“A call to empower teachers to lead the next wave of the OER movement” was originally published as “A call to empower teachers to lead the next wave of the OER movement” in the July 2017 issue of Connections, as part of the regular feature “Fair Comment”.
With the 2nd World Open Educational Resources (OER) Congress approaching in September 2017 in Ljubljana, Slovenia, it’s a perfect time to reflect on the accomplishments of the open community since the first OER Congress in 2012, but more importantly to ask what remains to be done to make OER a mainstream reality in education globally. What steps must be taken before we can declare that OER are demonstrably effective as a generalised approach to addressing affordability for learners and empowerment for teachers, resulting in a truly inclusive and effective educational initiative on a global scale?
The number of CC-licensed resources is growing exponentially. Support sites, libraries and repositories abound on every continent. Creative Commons reported through its State of the Commons report for 2016 that 1.2 billion CC-licensed resources were available in the Commons. Although not all of those resources were created specifically with an educational purpose in mind, many of them, including images from Flickr and other image repositories, could prove valuable to educators when curated in ways that match curricular contexts. Openly licensed works from museums and art galleries were also amongst the resources reported and will be useful to educators worldwide. And, with Creative Commons itself working to develop a meta-search mechanism through its CC Search initiative, the future is bright for learners and educators looking for open resources.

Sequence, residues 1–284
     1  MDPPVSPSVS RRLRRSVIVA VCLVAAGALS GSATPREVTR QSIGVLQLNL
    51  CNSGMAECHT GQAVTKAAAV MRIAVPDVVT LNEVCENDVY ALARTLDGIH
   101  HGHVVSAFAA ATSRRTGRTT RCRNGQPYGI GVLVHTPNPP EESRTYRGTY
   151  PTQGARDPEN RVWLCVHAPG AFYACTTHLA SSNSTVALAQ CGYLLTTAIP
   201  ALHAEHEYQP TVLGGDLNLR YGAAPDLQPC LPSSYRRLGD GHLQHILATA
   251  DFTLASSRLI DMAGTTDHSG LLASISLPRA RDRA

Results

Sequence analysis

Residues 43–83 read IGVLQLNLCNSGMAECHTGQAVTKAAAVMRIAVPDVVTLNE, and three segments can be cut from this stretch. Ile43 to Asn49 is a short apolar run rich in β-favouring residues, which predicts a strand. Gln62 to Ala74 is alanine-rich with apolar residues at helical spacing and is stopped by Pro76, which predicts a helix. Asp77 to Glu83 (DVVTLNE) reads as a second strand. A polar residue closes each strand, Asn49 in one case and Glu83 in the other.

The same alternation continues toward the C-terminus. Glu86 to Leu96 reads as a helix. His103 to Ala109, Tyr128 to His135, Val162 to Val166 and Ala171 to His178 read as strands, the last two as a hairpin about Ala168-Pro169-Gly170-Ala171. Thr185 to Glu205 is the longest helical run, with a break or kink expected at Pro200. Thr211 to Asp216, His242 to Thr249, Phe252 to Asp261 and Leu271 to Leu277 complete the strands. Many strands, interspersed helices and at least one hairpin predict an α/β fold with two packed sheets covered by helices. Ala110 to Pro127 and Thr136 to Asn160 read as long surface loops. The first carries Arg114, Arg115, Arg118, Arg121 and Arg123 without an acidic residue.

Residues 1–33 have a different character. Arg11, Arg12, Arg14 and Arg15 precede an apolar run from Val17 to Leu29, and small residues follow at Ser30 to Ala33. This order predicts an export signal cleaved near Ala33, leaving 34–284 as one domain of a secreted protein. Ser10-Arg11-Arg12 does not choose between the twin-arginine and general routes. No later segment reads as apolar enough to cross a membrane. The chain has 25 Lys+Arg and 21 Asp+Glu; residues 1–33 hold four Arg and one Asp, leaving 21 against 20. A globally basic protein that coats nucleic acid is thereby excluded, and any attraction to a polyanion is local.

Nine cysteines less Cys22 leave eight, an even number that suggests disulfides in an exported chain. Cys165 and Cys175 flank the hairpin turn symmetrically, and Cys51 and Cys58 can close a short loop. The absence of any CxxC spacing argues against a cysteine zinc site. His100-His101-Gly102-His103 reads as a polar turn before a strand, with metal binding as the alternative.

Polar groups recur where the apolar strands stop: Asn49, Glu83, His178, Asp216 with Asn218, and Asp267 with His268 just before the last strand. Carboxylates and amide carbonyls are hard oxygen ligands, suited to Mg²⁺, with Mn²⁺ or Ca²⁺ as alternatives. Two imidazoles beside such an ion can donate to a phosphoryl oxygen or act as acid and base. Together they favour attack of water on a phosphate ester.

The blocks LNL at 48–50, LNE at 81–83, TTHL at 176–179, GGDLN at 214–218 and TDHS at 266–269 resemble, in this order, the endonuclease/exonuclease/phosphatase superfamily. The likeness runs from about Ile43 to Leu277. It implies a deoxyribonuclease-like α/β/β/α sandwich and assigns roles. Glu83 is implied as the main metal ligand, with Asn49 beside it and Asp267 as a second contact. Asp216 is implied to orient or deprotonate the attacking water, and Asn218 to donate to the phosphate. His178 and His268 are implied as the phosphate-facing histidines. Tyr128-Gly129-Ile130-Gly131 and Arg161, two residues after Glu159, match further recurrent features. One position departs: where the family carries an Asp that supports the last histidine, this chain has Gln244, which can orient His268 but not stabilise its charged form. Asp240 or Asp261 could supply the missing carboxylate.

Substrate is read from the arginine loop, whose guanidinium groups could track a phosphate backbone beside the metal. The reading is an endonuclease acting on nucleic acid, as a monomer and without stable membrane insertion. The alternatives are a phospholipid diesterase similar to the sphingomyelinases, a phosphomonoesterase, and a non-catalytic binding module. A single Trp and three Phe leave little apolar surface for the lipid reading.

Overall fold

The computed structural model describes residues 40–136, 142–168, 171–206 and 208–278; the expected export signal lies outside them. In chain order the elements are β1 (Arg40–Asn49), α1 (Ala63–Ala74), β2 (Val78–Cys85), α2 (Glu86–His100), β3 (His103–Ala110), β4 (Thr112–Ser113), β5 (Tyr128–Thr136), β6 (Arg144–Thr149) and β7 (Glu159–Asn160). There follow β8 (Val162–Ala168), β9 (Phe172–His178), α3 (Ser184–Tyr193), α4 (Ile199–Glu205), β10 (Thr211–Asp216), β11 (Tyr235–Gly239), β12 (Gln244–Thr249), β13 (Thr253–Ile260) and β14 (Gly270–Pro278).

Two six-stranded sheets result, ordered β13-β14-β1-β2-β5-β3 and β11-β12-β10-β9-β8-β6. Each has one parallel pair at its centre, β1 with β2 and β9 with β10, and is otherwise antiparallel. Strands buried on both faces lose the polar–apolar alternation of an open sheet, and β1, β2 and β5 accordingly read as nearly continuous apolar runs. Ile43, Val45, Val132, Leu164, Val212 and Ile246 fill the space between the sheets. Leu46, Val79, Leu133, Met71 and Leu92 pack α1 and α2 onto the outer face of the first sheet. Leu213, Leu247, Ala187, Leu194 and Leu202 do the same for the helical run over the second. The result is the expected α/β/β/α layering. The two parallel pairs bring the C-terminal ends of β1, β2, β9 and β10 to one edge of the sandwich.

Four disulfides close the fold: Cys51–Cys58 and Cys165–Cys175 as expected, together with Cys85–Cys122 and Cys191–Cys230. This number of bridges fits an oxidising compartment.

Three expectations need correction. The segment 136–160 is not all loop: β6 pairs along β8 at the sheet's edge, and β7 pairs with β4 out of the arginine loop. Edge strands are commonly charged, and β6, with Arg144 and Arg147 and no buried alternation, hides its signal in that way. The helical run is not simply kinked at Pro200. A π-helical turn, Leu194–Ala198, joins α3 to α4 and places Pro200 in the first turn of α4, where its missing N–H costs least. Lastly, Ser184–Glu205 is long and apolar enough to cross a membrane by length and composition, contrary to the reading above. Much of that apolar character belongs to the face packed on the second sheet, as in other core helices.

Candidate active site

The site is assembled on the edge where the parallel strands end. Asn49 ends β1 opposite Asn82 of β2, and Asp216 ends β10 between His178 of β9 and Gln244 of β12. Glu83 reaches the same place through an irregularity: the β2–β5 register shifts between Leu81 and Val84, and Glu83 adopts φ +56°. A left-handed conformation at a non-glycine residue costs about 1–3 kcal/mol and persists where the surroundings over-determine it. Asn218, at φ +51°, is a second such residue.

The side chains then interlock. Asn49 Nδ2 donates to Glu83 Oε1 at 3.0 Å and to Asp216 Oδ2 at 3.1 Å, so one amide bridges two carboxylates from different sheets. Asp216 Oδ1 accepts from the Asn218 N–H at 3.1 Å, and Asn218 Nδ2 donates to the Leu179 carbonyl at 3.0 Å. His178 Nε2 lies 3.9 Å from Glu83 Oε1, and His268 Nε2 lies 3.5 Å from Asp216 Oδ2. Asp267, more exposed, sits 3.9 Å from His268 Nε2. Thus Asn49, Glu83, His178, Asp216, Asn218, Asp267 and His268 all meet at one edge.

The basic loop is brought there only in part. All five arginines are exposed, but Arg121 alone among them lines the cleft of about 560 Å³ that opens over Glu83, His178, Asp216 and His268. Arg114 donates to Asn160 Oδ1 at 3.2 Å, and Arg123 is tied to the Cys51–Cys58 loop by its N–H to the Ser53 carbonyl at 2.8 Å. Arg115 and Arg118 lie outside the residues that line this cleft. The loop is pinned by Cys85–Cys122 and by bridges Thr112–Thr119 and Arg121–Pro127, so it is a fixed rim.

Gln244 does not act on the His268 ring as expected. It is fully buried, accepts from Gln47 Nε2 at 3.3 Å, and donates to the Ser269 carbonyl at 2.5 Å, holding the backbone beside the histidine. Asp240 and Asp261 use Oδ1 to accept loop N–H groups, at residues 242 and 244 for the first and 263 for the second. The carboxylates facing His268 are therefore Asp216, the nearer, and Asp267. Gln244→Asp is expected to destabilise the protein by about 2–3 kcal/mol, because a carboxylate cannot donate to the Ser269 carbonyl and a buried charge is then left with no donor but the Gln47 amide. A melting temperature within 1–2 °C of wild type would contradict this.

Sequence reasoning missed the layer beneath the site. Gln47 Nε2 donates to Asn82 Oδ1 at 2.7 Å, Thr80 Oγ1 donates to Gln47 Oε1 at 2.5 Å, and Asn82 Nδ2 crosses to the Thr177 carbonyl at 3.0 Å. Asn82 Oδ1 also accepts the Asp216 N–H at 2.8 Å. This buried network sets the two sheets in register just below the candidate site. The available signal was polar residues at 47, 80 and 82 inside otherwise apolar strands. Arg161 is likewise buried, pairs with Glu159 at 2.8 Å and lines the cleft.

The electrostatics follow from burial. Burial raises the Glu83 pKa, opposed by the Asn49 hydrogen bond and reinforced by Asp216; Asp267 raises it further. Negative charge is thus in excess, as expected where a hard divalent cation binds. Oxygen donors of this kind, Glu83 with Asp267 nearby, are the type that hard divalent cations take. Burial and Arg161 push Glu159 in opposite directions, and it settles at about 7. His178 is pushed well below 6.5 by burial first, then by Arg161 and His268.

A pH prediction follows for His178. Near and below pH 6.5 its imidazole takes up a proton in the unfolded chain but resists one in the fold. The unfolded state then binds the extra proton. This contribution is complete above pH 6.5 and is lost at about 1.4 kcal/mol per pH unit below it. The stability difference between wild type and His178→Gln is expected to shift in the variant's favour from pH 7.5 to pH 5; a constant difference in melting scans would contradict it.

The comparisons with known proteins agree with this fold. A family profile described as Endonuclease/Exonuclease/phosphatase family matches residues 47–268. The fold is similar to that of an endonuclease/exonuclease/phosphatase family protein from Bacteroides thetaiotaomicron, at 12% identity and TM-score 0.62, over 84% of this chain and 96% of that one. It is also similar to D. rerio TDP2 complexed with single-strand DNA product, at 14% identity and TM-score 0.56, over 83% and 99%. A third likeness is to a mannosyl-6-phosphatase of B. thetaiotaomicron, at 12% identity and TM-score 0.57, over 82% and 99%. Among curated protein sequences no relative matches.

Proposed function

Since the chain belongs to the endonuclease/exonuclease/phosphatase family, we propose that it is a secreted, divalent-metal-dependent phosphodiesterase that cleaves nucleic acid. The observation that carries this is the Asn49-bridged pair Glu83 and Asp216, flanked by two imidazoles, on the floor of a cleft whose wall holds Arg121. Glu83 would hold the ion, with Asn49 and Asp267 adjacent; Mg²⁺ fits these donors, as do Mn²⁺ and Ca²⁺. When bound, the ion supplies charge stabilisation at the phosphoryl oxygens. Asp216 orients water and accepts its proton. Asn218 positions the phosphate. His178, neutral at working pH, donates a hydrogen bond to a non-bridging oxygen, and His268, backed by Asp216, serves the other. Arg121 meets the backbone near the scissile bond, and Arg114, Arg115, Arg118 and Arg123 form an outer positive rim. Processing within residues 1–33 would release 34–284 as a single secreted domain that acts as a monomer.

COL and UNESCO’s work leading up to the second Congress has presented the opportunity to collect up-to-date information and insights on OER use from localities across the globe through six regional events and a global survey. This information will provide a basis for further discussion and will inform the substance of a 2017 OER Declaration. The linkage of OER with UNESCO’s sustainable development goals is a brilliant way forward and represents a focused rationale for the creation, use and distribution of learning resources to truly enable education for all.
But there is more to be done, and it is my hope that the 2017 Declaration will specifically address areas of activity that need additional focus and the resources to further scaffold the open education ethic. Policy and advocacy can contribute a great deal to support the efforts of educational jurisdictions, but further emphasis will be required at the classroom and teacher level if we expect to see an OER breakthrough on a global scale.
The current focus on open textbooks, while being an opportunity to substitute newer open materials for those previously released through controlled publication, is just a starting point. We need to empower teams of teachers to create ancillary resources, such as project libraries, test banks, problem sets, datasets, PowerPoint slides, and other useful instructional or self-directed learning resources that can be grown and maintained through professional communities of practice.
We will need to rethink learning resources completely and empower teachers, through their initial training and through ongoing professional development, to contribute to curriculum and resource improvement as members of a learning community. A new role for teachers will be to collectively contribute to the stewardship of educational resources for their students, and to join with professional colleagues in creating and maintaining open resources.
In summary, if we are expecting a breakthrough in public education powered by OER, teachers need to be the key players. They need training, support, certification, incentives, time and opportunity to practise a new level of professionalism that empowers them to exercise all of the benefits of open education. It’s my sincerest wish that the 2017 OER Declaration will honour teachers as the key actors in enabling an open future for education.
Written by David Porter, Ed.D., CEO, eCampusOntario